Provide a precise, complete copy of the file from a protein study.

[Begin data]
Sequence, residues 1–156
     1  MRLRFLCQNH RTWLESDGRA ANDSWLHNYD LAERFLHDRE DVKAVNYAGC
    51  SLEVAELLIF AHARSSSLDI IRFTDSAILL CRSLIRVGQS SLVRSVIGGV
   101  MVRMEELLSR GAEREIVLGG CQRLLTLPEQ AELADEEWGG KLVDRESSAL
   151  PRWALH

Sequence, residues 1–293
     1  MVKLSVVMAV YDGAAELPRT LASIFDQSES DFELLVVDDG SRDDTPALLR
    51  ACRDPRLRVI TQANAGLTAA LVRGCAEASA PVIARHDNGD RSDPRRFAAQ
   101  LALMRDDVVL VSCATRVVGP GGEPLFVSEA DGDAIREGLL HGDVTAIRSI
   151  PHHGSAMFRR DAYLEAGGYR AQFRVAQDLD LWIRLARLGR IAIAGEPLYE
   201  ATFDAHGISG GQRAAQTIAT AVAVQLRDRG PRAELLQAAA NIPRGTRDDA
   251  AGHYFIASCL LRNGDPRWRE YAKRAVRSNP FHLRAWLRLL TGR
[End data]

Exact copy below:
Sequence, residues 1–156
     1  MRLRFLCQNH RTWLESDGRA ANDSWLHNYD LAERFLHDRE DVKAVNYAGC
    51  SLEVAELLIF AHARSSSLDI IRFTDSAILL CRSLIRVGQS SLVRSVIGGV
   101  MVRMEELLSR GAEREIVLGG CQRLLTLPEQ AELADEEWGG KLVDRESSAL
   151  PRWALH

Sequence, residues 1–293
     1  MVKLSVVMAV YDGAAELPRT LASIFDQSES DFELLVVDDG SRDDTPALLR
    51  ACRDPRLRVI TQANAGLTAA LVRGCAEASA PVIARHDNGD RSDPRRFAAQ
   101  LALMRDDVVL VSCATRVVGP GGEPLFVSEA DGDAIREGLL HGDVTAIRSI
   151  PHHGSAMFRR DAYLEAGGYR AQFRVAQDLD LWIRLARLGR IAIAGEPLYE
   201  ATFDAHGISG GQRAAQTIAT AVAVQLRDRG PRAELLQAAA NIPRGTRDDA
   251  AGHYFIASCL LRNGDPRWRE YAKRAVRSNP FHLRAWLRLL TGR